Keep Moving Forward

When I began my 4(2) Days of Letting Go, I imagined that for 42 days I would write about one thing per day, finishing six weeks later with a lovely list of 42 things I could let slide off my shoulders. Life, of course, rarely follows the straightforward path I frequently imagine. Instead, the path curves in unpredictable directions, doubling back on itself, sometimes skipping up the side of a mountain or hiding irritably in a pool of mud for a while. As my 42 Days have roughly followed Lent, I should be wrapping them up sometime this week, while in reality I’ve only posted 14 up on the blog so far.

Deep breath. Today I’m letting go of the past, so I can keep moving forward.

Several years ago my mother gave me and my sister each a ten year journal. The journal has ten entries per page, one per year for a specific day. This way you can write on April the 21st of 2014 and see what you wrote on April 21st four years ago, and on this day for every year in between. My mother and my sister diligently write in their journals, scarcely missing a day. Mine looks more like a block of Swiss cheese, haphazard entries here and there and large gaping holes throughout. I actively ignore this journal on a regular basis. It squats, toad-like on my bookshelf, staring me down and reminding me that it should be gathering more than dust each day. My internal stress from the journal’s inactivity (see Day 3: Letting Go of Guilt) hunches my shoulders a bit, but I’ve found the journal imparts more stress when I try to buckle down and write in it every day than it does from its lurking on my bookshelf.

There are many reasons why – distaste from seeing the shenanigans of my life over the last several years, discomfort at seeing how lackadaisical I am at completing this seemingly simple task, and the internal pressure I place on myself to try to remember to write in the damn thing. I think the main issue with the ten year journal is every time I pick it up I am quite literally faced with how I’ve often failed at this before. I see the empty pages, scattered entries, and all the times I didn’t write in the past, which makes it more difficult to actually sit down and write today.

Did I manage my 42 days of letting go? Not according to my original plan, but I’m not giving up. I’ll keep plugging away until I complete my list of 42, and I will keep working to let these things go. five minute journalI’m hoping that by fleshing them out into longer blog posts I’ll be able to maintain my momentum and finish off the list, even if I do it at a slower pace.

Based on the recommendations of G+ friends, I’m also thinking the Five Minute Journal might be a good next step to push myself to journal daily, with each day as a new blank page ready for me to fill.

He sat down on a grassy bank and looked at the city that surrounded him, and thought, one day he would have to go home. And one day he would have to make a home to go back to. He wondered whether home was a thing that happened to a place after a while or if it was something that you found in the end, if you simply walked and waited and willed it long enough.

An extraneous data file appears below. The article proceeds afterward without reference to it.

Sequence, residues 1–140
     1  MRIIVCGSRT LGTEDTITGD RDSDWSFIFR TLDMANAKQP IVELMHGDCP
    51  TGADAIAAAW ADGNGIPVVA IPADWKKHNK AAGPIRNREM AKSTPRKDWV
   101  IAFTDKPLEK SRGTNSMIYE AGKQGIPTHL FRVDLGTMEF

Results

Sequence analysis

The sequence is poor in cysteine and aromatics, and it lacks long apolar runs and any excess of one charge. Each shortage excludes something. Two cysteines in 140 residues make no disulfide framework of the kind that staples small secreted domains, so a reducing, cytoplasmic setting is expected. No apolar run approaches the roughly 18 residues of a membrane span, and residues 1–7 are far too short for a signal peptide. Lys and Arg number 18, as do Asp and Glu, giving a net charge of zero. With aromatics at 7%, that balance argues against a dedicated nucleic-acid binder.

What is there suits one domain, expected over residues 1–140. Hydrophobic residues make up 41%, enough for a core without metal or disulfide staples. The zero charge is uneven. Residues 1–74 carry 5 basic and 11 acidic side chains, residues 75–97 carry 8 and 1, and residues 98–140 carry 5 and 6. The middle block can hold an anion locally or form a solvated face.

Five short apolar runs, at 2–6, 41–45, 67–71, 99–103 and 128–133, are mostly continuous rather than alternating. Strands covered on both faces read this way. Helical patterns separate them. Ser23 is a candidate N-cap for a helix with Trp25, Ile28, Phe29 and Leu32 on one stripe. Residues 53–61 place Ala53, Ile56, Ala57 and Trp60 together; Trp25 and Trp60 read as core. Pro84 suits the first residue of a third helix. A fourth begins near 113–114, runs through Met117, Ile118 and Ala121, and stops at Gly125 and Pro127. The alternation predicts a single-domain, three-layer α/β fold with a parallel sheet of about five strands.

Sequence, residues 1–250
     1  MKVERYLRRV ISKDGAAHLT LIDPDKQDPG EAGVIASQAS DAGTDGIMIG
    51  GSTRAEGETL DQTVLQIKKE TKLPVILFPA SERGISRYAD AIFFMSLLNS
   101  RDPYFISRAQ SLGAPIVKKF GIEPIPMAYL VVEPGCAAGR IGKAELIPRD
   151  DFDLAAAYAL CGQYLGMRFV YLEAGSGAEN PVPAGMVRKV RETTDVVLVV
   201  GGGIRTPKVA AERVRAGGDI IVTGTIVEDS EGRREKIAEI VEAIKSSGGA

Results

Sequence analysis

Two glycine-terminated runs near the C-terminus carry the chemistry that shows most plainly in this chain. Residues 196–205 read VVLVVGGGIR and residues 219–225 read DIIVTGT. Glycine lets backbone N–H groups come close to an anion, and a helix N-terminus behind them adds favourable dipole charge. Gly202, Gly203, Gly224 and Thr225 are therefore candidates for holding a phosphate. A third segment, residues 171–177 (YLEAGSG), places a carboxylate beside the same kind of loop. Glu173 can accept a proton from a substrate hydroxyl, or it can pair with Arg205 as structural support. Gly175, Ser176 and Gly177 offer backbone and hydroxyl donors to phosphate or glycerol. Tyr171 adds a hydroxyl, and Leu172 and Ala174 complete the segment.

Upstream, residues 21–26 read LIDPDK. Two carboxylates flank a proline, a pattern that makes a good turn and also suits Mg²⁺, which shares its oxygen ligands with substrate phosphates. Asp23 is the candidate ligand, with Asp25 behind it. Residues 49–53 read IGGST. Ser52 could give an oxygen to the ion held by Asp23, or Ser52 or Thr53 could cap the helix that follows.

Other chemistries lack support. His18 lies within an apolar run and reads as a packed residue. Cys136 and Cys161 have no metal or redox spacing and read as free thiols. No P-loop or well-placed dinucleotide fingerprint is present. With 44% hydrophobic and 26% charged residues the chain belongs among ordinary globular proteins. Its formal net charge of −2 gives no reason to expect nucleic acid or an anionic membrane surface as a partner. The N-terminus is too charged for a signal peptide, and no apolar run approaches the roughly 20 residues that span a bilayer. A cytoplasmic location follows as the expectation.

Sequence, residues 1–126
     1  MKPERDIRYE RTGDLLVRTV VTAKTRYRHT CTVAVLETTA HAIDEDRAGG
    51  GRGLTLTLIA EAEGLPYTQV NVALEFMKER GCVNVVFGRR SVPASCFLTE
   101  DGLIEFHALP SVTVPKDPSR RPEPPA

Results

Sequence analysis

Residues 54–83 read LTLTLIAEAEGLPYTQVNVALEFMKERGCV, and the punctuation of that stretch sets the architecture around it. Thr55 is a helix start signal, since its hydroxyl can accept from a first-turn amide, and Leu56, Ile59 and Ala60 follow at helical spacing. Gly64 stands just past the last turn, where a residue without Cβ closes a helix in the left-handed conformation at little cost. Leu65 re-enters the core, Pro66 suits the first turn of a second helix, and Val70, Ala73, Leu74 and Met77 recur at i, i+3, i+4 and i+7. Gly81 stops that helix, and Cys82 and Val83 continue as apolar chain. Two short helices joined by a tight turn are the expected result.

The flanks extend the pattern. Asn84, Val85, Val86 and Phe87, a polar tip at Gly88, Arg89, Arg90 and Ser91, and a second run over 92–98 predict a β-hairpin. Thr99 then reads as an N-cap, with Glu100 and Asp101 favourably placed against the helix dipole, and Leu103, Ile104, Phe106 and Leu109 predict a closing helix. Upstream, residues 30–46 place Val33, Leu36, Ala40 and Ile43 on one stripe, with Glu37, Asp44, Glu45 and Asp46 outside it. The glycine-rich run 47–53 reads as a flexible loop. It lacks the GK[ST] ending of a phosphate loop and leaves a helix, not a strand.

Neil Gaiman, American Gods

Music as a tool for letting go

I often get stuck inside my own head. Busy with questions and possible answers, fears and worries about things that will likely never come to pass, unnecessary analysis of the inner workings of my world. One way I can break myself out of this none-to-helpful cycle is with music.

Today my go to is the Chad Hollister Band – their song “The Answer” has played on repeat inside my brain and you can listen to it here. I couldn’t find a version of it on YouTube, so I also included a video of one of the Chad Hollister Band’s other songs that is equally fantastic. Enjoy 🙂


Book #5

american godsFrom Goodreads:

A storm is coming . . .

Locked behind bars for three years, Shadow did his time, quietly waiting for the magic day when he could return to Eagle Point, Indiana. A man no longer scared of what tomorrow might bring, all he wanted was to be with Laura, the wife he deeply loved, and start a new life.

But just days before his release, Laura and Shadow’s best friend are killed in an accident. With his life in pieces and nothing to keep him tethered, Shadow accepts a job from a beguiling stranger he meets on the way home, an enigmatic man who calls himself Mr. Wednesday. A trickster and rogue, Wednesday seems to know more about Shadow than Shadow does himself.

Life as Wednesday’s bodyguard, driver, and errand boy is far more interesting and dangerous than Shadow ever imagined—it is a job that takes him on a dark and strange road trip and introduces him to a host of eccentric characters whose fates are mysteriously intertwined with his own. Along the way Shadow will learn that the past never dies; that everyone, including his beloved Laura, harbors secrets; and that dreams, totems, legends, and myths are more real than we know. Ultimately, he will discover that beneath the placid surface of everyday life a storm is brewing—an epic war for the very soul of America—and that he is standing squarely in its path.

Relevant and prescient, American Gods has been lauded for its brilliant synthesis of “mystery, satire, sex, horror, and poetic prose” (Michael Dirda, Washington Post Book World) and as a modern phantasmagoria that “distills the essence of America” (Seattle Post-Intelligencer). It is, quite simply, an outstanding work of literary imagination that will endure for generations.